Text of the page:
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Making a case for volunteering during a pandemic

At a time like this when globally people are going through difficulties, when businesses are suffering and economies are in turmoil, many people and business organisations are looking more inwards and for opportunities that would allow them to survive this crisis.

In my view, over and above the personal motivation though, there is a lot more to be gained from volunteering at this point in time. Furthermore, organisations should seriously consider the benefit of encouraging their employees to volunteer and support causes within their communities.

Let’s examine in a bit more detail, the benefit of volunteering at a time like this.

Personal Satisfaction

In my journeys and when I do come across young school leavers or graduates, new migrants, those seeking to re-enter the workplace, retirees etc. I encourage volunteering because of the immense professional and personal benefits that comes with it.

Making Friends and Meeting new people

Aside from giving back, volunteers become part of a caring and supportive community. You will get to meet like-minded people who share the same ideals and passion as you do.

What most people don’t know is that there is a powerful network of people who volunteer. They offer support, encouragement and can be indeed motivational. Standing outside and looking in, volunteering can come across as a journey that you undertake alone. In my experience that is not the case. Charities and not for profits are exceedingly supportive of their volunteers.

In my journey as a volunteer I have met a lot of incredibly great people who not only volunteer their time and resources but are also incredibly supportive of new volunteers.

Building new competencies

There are many people who have a clear idea as to what they want to do with their careers but they have the challenge of being able to acquire the skills necessary for that next step up. A good reason being that organisations can be limiting in terms of opportunities. Volunteering can be an avenue to gain those skills because charities are generally more willing to accept transferable skills and allow volunteers to take on additional responsibilities.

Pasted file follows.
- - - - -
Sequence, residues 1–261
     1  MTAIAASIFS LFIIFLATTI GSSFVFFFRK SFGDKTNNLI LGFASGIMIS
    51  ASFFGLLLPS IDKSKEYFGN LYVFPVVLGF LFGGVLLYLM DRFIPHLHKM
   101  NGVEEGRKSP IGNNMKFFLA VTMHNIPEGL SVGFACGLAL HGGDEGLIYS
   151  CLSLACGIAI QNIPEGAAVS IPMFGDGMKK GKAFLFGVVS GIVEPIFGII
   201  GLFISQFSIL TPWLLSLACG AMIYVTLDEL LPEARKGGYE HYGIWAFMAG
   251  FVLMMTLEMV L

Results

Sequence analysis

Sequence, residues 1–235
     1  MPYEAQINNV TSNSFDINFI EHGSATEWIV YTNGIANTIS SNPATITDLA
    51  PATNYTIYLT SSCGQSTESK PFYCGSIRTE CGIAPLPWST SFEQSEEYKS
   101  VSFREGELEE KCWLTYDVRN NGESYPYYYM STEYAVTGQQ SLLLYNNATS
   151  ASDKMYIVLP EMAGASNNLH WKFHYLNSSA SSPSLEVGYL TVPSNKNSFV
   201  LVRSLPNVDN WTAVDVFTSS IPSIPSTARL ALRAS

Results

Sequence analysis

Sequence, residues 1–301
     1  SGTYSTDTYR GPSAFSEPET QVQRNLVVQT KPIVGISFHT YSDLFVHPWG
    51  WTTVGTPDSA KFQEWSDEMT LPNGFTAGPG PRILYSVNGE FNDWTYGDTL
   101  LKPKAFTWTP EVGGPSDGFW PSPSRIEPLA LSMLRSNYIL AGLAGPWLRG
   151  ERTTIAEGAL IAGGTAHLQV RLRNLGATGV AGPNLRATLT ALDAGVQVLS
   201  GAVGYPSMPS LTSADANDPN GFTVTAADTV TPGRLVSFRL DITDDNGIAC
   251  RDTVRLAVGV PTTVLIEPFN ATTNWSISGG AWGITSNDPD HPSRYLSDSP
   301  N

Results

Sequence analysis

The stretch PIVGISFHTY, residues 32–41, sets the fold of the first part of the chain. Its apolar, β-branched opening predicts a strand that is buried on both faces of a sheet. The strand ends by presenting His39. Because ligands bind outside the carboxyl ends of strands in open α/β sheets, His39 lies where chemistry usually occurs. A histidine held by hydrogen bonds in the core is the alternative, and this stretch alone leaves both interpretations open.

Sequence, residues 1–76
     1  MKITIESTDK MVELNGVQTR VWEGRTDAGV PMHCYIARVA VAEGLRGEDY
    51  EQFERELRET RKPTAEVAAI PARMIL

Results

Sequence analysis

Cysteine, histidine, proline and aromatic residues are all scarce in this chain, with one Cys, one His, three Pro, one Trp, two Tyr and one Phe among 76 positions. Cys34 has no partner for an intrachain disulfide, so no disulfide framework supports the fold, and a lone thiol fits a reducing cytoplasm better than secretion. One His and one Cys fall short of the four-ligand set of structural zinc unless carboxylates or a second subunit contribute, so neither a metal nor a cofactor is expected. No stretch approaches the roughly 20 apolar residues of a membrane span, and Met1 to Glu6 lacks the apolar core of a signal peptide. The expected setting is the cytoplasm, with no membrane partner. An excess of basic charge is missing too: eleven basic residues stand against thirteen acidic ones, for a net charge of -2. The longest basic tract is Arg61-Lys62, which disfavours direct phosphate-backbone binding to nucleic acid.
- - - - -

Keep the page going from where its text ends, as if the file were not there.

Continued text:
There are many roles and opportunities within this sector that will challenge and stretch you.

As an example, one of the charities I represent are looking for a volunteer Director of Fundraising. In the commercial workplace that type of vacancy would attract very senior level applicants. Unfortunately, the advertisement received very low patronage. Did the fact that it’s a non-paying role a factor in the low response/interest? I am inclined to think that played a major factor.

So, what about experienced professionals? Aside from personal fulfilment what else do you gain from volunteering your time and skills? Well, a lot I would say.

Regardless of where you are in your career, volunteering will be a value-added experience I can assure you. If nothing at all, meeting other volunteers, listening to their journey and experience will certainly humble you.

If you have taken the time and patience to read thus far please don’t just walk away. There are many organisations and people who would benefit immensely from your skill and experience.

You are great in the kitchen? Go to a soup kitchen and make people great and hot meals

You are a wonderful administrator and planner? There are many charities that would benefit from your experience as a trustee

You love numbers and can make a little money go a long way? Have you considered being a Treasurer?

Are you a social media guru? Trust me you can support charities raise their online profile

Do you have contacts who can give funds to charities? Maybe your own calling would be in fundraising

The list goes on and on…….

You can add so much value!

There is a volunteer waiting in each and every one of us.

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